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Chauvin defense attorney says he and two others involved in trial went to same high school

Eric Nelson, the attorney representing Derek Chauvin, the former Minneapolis police officer charged with murder in the death of George Floyd, revealed a connection between himself and two others that have been involved in the trial during closing arguments on Monday. 

Nelson revealed that he, Darnella Frazier, a teen bystander who captured viral footage of the arrest of Floyd that preceded his death, and Minneapolis Police Department Chief Medaria Arradondo attended the same high school.

He made the disclosure while trying to focus on the differences between perspective and perception before contrasting the different views of the arrest offered by witness testimony and that of Chauvin during the events that led up to him pinning Floyd to the ground that day and when he restrained him.

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“Your perception is how you interpret what it is you see and what it is you experience … These are the things that make us who we are. Three people in this trial went to the same high school: me, Darnella Frazier and Chief Arradondo,” he began. 

“We all went to the same high school, obviously at different times. … We had the same perspective, sat in the same classrooms, saw the same chalkboards or whiteboards, the same perspective, but our perception of our experiences there is going to be much different,” he continued. 

Nelson then went on to look at testimony offered by different witnesses brought in during the trial and how they contrasted before focusing on Chauvin’s perceived angle of events the day of the arrest leading up to the moment he pinned Floyd to the ground.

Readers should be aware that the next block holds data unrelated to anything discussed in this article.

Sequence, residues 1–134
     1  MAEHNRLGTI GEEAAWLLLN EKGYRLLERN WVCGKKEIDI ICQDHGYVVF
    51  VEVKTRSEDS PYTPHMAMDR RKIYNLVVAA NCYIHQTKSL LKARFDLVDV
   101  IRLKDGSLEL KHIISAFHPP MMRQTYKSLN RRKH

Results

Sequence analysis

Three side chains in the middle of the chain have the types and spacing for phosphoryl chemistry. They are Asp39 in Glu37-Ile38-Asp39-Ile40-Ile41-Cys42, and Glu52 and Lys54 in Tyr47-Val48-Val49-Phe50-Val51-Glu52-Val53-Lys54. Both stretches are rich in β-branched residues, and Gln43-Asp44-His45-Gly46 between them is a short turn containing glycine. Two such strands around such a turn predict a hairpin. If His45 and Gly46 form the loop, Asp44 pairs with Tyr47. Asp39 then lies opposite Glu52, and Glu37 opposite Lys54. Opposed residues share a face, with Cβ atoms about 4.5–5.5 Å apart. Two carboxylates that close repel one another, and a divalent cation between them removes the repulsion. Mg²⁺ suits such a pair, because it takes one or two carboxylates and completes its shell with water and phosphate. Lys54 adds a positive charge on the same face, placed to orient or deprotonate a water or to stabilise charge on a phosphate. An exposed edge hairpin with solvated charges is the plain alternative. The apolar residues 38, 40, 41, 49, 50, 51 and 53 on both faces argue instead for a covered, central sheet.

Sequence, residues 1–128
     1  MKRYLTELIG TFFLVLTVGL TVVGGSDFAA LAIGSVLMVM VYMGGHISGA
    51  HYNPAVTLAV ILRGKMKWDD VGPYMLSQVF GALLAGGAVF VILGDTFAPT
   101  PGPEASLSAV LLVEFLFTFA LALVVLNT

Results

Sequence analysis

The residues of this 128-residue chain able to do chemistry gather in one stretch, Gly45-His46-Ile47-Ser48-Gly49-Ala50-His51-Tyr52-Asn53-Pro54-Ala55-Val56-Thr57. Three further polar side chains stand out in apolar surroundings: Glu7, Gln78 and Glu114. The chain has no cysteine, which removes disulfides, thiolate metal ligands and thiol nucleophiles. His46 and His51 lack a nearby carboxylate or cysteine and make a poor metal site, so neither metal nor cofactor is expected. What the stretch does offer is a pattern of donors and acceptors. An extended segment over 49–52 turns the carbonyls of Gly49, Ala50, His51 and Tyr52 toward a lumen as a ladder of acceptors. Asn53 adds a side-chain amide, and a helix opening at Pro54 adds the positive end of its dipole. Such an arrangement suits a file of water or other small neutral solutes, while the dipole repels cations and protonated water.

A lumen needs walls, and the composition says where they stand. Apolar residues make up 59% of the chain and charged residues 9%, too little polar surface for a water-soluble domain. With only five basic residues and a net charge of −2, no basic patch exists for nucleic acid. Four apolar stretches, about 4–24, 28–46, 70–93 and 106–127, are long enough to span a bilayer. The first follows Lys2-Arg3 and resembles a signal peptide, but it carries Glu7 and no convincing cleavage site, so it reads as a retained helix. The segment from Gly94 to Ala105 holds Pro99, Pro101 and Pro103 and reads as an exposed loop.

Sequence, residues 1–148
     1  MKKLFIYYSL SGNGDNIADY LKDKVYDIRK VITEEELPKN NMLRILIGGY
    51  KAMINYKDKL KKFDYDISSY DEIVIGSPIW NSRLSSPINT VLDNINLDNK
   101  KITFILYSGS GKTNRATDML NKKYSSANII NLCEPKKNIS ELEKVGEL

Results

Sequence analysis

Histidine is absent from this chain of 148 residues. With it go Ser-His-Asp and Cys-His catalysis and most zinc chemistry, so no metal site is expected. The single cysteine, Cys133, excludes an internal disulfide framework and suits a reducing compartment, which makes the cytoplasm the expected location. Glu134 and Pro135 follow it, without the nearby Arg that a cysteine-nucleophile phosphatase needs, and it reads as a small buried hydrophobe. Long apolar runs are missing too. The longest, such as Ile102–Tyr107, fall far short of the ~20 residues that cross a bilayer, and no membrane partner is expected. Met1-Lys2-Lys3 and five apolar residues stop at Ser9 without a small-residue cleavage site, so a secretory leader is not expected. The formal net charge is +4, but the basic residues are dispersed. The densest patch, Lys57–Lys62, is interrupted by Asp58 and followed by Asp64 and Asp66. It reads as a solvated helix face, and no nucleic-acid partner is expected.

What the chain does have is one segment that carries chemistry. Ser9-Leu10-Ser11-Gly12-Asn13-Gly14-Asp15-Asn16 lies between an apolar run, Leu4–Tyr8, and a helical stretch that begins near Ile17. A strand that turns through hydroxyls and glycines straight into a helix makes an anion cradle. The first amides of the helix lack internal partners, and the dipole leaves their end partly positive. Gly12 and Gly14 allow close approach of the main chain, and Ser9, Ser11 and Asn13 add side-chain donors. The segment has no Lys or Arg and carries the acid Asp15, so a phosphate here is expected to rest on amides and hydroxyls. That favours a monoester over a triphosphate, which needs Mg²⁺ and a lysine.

“We do not look at this incident from the perspective of the people who are upset by it. We look at it from the perspective of a reasonable police officer,” Nelson said.   

His comments come as the attorney has sought to get the jury to look beyond bystander footage of the arrest, which shows Chauvin pinning Floyd to the street with his knee for more than nine minutes, to consider the former officer’s perception of events at the time as it works to make the case he acted in a “reasonable” way in his restraint that day.

Though Chauvin has waived his right to testify during his trial, invoking the Fifth Amendment, Nelson has focused on how the environment during the arrest, particularly the crowd of bystanders that gathered near the officers then, and the events that preceded Floyd being pinned to the ground, could have factored into the former officer’s decisionmaking at the time. 

“The proper analysis is to take those 9 minutes and 29 seconds and put it into the context of the totality of the circumstances. The proper analysis starts with what did the officers or what would a reasonable officer know at the time of dispatch,” Nelson said.